NFL Week 7 Review: Washington’s Goal Line Stand

Few things swing momentum as much as a preventing a touchdown and, as Dave Archibald points out, Washington’s goal line stand was the key play in their victory over the Tampa Bay Buccaneers.

Things looked bleak for Washington late in Sunday’s contest with Tampa Bay. The gridiron club from the nation’s capital had trailed 24-0, but battled back to within three points before Bucs running back Doug Martin ripped off a 49-yard run to give Tampa Bay a first-and-goal on the 5-yard line. With just four minutes left, Washington could not afford to allow a touchdown and go down by two scores. And so the defense stiffened up, stopping Martin short of the goal line twice and forcing 3rd-and-goal from the 1-yard-line.

The Buccaneers line up in a jumbo goal line package with three tight ends and two backs. They run outside zone left, with second-year back Charles Sims (#34) carrying the rock behind fullback Jorvorskie Lane (#46) and a combination block attempted by left tackle Donovan Smith (#76) and extra tackle Kevin Pamphile (#64) lined up as a tight end:

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Defensive end Jason Hatcher (#97), lined up across from Pamphile at the snap, holds the key to the play.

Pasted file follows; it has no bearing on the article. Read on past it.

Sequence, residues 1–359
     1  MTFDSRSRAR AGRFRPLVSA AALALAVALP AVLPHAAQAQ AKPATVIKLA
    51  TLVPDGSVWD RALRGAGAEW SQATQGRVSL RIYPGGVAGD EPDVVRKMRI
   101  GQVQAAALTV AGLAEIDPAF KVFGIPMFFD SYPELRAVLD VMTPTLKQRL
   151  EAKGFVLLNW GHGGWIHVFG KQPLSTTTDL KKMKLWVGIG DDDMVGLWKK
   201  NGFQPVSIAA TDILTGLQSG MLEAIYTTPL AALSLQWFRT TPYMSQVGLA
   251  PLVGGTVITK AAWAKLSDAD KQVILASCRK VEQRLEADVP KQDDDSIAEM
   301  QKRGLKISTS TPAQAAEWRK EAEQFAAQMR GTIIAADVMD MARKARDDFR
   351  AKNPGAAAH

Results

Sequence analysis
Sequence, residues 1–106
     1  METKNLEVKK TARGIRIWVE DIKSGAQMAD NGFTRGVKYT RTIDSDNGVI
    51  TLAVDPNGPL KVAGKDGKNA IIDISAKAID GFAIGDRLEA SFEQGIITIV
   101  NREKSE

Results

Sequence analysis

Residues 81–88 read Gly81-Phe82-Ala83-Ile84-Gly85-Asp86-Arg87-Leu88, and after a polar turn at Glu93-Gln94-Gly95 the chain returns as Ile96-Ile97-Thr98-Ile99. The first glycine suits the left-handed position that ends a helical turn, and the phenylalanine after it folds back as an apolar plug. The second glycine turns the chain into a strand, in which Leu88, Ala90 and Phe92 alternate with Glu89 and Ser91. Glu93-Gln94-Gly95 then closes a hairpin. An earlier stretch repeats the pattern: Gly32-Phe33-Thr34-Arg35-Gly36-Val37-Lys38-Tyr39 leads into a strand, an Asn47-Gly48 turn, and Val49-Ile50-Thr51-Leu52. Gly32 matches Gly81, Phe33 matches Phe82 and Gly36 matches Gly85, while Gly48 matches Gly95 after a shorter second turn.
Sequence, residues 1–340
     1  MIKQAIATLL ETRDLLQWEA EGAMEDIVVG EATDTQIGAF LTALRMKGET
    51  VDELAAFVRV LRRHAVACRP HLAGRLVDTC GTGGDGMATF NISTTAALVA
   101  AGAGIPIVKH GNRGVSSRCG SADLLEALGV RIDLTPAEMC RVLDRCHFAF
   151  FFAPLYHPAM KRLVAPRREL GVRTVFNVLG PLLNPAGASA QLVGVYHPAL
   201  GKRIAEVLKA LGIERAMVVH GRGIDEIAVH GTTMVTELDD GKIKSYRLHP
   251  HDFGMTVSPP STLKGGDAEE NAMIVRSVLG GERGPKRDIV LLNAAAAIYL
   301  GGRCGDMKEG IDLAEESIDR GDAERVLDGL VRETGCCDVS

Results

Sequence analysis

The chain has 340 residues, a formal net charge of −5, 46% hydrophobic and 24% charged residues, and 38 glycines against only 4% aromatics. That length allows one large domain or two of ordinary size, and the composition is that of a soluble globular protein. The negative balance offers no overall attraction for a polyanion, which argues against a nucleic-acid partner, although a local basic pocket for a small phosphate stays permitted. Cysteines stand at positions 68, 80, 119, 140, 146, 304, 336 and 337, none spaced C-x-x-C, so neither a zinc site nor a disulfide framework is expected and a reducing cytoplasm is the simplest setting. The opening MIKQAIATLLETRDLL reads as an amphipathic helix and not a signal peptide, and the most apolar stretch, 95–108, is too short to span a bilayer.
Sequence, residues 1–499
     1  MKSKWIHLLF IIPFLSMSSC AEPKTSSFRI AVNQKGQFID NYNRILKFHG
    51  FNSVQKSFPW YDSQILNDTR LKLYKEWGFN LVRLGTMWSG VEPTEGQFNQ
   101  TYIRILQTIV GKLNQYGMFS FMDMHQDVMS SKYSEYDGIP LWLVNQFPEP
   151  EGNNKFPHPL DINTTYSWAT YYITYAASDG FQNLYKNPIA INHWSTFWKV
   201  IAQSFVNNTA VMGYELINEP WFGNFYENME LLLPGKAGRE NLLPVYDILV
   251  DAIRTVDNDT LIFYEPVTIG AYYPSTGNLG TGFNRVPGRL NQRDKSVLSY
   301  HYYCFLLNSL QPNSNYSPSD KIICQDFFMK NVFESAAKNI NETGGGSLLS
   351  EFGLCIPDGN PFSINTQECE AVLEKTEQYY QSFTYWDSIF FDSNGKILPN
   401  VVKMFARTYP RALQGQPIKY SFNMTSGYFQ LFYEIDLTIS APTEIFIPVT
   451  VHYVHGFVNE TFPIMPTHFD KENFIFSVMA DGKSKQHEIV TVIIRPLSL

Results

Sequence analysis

The Buccaneers initially block him with both Smith and Pamphile, the idea being that once Smith reaches Hatcher, Pamphile can slide up to the next level and block safety Dashon Goldson (#38). Hatcher, however, fights to the play side and prevents Pamphile from releasing and walling off Goldson. Meanwhile, outside linebacker Mason Foster (#54) meets Lane in the backfield. Once Goldson squeezes past Pamphile, he has a clear path to Sims.

Away from the point of attack, the Buccaneers attempt to seal off the backside pursuit by using cut blocks, diving at the defensive linemen’s legs to trip and delay them. For the most part this works, but veteran defensive tackle Chris Baker (#92) eludes the cut block of right tackle Gosder Cherilus (#78) and charges into the backfield. With both Baker and Goldson unblocked, Sims is dead-to-rights, and the pair of defenders haul him down for a two-yard loss.

Having failed to punch the ball in, Tampa Bay settled for a field goal and Washington marched back down the field and scored a touchdown to win 31-30.

This game map, courtesy of theQ5.com, shows the topsy-turvy nature of the game, with Tampa Bay dominating early, and Washington charging back with a terrific second-half offensive performance.

The Washington defense was not as sharp as their offense – even in the second half – but when the chips were down, they found a way to make a key goal-line stand and give the offense the chance to win the game.

Follow Dave on Twitter @davearchie.

Dave Archibald knows pass defense, specifically how coverage, the pass rush, excellent cornerbacks, versatile safeties and in-game adjustments can make a big difference.

All video and images courtesy NFL Game Pass.

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